SPORT CLIMBING: Around 250 athletes aged nine to 19 converged at the Sydney Indoor Climbing Gym last weekend in what was the country’s largest National Youth Sport Climbing Championships.
Since it was announced in late 2016 that Sport Climbing would make its Olympic debut at Tokyo 2020, the sport has seen a big increase in participation rates in young athletes around the country. As more athletes registered for this year’s National Youth Champs than ever before, the event was a true example of just how fast the new Olympic sport is growing.
The Olympic format of the sport will be contested for the first time at the Youth Olympic Games in Buenos Aires this October, ahead of the Tokyo 2020 Olympic Games. The format will see athletes having to compete in all three climbing disciplines – Lead, Bouldering and Speed – in pursuit of a podium finish.
Traditionally, climbers have specialised in one discipline, as the three events all require very different tactics, physic and skills. However, since the announcement of the Olympic format, Bouldering athletes are attaching a harness and reaching for new heights on the Lead wall, while slow and precise Lead climbers are training their fast twitch muscle fibers to clamber up the 15m Speed wall in under 10 seconds.
Director of Sport Climbing Australia, Romain Thevenot, said he was blown away by the standard of climbing at the event and is excited about the future of the sport in Australia.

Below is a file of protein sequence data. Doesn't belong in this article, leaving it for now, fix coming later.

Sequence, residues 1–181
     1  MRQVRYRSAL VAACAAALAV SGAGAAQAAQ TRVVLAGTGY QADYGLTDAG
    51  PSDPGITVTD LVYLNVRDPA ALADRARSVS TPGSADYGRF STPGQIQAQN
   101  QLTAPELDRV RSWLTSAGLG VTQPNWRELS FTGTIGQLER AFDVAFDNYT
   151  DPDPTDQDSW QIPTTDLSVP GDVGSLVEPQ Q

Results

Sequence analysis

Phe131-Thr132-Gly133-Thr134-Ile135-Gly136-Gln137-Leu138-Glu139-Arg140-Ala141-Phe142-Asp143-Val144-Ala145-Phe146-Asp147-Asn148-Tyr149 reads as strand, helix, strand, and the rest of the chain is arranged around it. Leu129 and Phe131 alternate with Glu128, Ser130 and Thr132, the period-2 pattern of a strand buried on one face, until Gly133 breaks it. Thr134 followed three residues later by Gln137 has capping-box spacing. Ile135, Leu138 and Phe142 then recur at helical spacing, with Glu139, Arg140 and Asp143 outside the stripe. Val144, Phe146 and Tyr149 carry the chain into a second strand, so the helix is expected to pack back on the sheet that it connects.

“The youngest kids (under 10 to 14 years-old) have demonstrated the best performances we’ve ever seen and this is really promising for the future of Australian athletes at an international level,” he said.
“Most of the favorites in contention to be selected for the Olympic Team competed over the weekend and we brought in an international expert to work with our coaches on athlete talent identification and Olympic preparation for the next two weeks.
“The event was run with all three disciplines in a similar way and level of complexity to the World Youth Championships. This is really encouraging as Sport Climbing Australia is working on strategies to bring such international events to Australia.”
One such Tokyo 2020 potential athlete expanding her climbing repertoire is 15-year-old Oceana Mackenzie.
Mackenzie, who is one of four young Australian athletes with Olympic Scholarship to work towards the 2020 Games, took out the Youth A Female category on the weekend and flushed every climb.
“I spent a lot of time preparing for this comp as it’s the qualification event for the Australian Youth Climbing Team,” Mackenzie said.
“To climb so well with my family and friends there to support me was amazing and motivated me on the wall.
“I personally really like this format, as I train all three disciplines. I find it better to do all the disciplines in a weekend rather than spreading them out, as you get more people trying different disciplines because they are already at the event. So this adds to the competitive game.”
Not only is the youngster a shoo-in for the National Youth Team, the climber from Warrandyte, Victoria, has made it onto the Australian Open Team and will compete in her first Open World Cup in Japan in a couple of months.
Also on top of the podium was Ned Middlehurst for the Junior Male Category. Middlehurst is hoping to make history as the first Australian to compete at Sport Climbing at the Youth Olympic Games, after the 17-year-old secured the Oceania quota place for Buenos Aires 2018 in November 2017.